A relative bought a new computer last week and I went around to set it up.  It was my first experience of Vista (in theory I have a copy of Vista on my home machine, but I haven’t (re)connected the hard drive since I had to remove it to install my Linux set up).   I spent most of my time setting up the hardware, rather than looking at Vista, but it seems nice enough.  I can understand why the user access controls are annoying people.  I was only on the machine for 5 minutes and was already getting annoyed at it.

Interesting from my point of view was that the machine booted straight into the desktop – no EULA was presented.  I also noticed that the 7 day anti-virus trial only had 2 days left to run.  Presumably the store had set up the machine?  The machine is a name brand (Medion, produced by Aldi).  It has an authorisation sticker on the side.  The machine comes with minimal documentation and no printed EULA.

The $64 question is – is my relative licensed to use the software?  If so, what are the licence terms?

Community Must Value All Open Source Contributions

Brendan Scott, September 2008

Mary Gardiner has written a blog post about how to get females involved in projects.  I want to emphasise one of the points she makes:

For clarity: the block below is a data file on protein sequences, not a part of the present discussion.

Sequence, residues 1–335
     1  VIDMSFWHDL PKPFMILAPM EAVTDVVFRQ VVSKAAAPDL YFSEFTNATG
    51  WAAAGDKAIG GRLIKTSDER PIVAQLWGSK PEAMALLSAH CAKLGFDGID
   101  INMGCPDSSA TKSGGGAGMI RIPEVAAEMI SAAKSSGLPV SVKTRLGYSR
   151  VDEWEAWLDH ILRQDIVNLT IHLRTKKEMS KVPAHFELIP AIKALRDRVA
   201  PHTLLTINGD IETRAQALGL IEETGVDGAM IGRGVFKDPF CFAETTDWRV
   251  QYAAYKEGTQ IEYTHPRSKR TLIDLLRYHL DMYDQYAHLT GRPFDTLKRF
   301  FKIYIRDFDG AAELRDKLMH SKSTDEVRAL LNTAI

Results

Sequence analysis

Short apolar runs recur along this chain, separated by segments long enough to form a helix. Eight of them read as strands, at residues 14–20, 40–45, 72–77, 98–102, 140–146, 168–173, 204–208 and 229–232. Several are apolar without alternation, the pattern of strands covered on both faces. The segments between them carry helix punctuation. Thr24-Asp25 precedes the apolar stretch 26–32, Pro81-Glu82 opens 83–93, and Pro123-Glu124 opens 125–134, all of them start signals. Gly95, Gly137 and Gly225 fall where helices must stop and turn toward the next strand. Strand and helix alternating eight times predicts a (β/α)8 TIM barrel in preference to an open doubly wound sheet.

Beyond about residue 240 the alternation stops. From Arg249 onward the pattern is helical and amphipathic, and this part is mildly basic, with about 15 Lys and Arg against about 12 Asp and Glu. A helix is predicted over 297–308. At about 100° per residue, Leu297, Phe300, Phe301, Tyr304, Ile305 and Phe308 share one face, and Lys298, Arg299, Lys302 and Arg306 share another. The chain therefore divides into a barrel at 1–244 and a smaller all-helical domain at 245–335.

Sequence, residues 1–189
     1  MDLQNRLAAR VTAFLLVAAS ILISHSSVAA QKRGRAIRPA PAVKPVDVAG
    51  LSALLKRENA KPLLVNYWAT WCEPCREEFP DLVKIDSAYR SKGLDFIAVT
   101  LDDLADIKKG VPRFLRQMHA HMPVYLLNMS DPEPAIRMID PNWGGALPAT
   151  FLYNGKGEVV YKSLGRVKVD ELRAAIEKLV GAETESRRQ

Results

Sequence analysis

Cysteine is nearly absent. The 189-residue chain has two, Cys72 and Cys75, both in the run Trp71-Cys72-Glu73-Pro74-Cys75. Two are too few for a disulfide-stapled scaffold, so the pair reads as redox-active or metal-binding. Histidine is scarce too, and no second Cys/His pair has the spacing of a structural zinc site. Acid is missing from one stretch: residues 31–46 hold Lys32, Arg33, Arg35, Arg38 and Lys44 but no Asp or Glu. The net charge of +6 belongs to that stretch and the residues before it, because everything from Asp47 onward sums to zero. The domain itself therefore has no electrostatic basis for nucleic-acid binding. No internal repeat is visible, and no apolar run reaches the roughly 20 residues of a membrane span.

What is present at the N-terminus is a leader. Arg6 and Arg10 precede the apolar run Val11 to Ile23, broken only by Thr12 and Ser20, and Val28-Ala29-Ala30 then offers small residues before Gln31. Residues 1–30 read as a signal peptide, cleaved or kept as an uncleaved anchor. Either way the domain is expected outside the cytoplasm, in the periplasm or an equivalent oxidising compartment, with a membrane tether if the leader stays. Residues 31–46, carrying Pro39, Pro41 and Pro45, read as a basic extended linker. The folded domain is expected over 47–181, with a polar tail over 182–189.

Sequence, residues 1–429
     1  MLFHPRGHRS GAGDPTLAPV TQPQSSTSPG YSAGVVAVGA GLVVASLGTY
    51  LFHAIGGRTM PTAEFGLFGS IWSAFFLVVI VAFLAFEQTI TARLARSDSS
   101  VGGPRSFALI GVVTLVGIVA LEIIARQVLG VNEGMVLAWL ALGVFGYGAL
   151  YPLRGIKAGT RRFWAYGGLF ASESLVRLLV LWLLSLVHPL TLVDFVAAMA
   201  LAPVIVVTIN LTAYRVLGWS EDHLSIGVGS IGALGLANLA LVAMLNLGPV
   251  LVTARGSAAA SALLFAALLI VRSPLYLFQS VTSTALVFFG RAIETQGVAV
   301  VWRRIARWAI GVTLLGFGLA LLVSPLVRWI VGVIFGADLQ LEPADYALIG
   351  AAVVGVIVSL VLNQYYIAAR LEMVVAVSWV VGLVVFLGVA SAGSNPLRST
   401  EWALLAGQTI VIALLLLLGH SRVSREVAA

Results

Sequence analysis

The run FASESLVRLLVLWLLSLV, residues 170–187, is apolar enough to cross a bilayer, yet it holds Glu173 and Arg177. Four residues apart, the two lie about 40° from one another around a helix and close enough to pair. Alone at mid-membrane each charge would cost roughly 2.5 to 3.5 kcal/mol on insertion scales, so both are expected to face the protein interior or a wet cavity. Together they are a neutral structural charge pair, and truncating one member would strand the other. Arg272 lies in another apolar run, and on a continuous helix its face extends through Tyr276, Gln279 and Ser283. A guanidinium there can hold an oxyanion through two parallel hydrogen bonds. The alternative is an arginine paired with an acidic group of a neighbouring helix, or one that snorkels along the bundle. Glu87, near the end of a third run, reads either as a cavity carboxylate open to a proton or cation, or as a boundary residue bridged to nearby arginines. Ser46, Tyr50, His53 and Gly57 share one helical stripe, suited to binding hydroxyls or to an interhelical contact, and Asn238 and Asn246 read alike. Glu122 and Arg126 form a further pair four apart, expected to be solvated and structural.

Don’t discount what women do [‘what women do’ here used as ‘community management, documentation and similar activities’, via Geek chicks: second thoughts]

I believe there is a blind spot here for everyone in the open source community.  It is nothing for an open source company to fund development effort, and hire x coders (for some non-trivial x) but to suggest that any other contribution to the community be made is to cross the line on acceptable suggestions.  But the community does not rely on coders alone.  The best code in the world is useless if no one knows of it, or if it is hidden behind a terrible user interface, or can’t be licensed because lawmakers have outlawed it (eg  encryption code).  I have hinted at this problem in my post on FLOSS best practices.  This is what I am referring to by the references to KPIs in that post.

Because numbers are relatively easy to come by, it is comparatively easy to criticise companies for not submitting enough code to one project or another but, there are other things that a contribution to the community should be measured against. Unfortunately, the word which has filtered back to me is that managers are not assessed against these soft contributions.  It should therefore come as no surprise that companies are not committing to them.

It would be nice to see the community demand that organisations support the whole breadth of the open source community.  In this way, a more rounded view of what makes a good open source corporate citizen could be created.  This would include things such as supporting marketing, documentation or communication efforts, the making of submissions to governments or courts (or supporting compliance initiatives) and the myriad of other things which are essential to a functional community associated with either a project or with open source generally.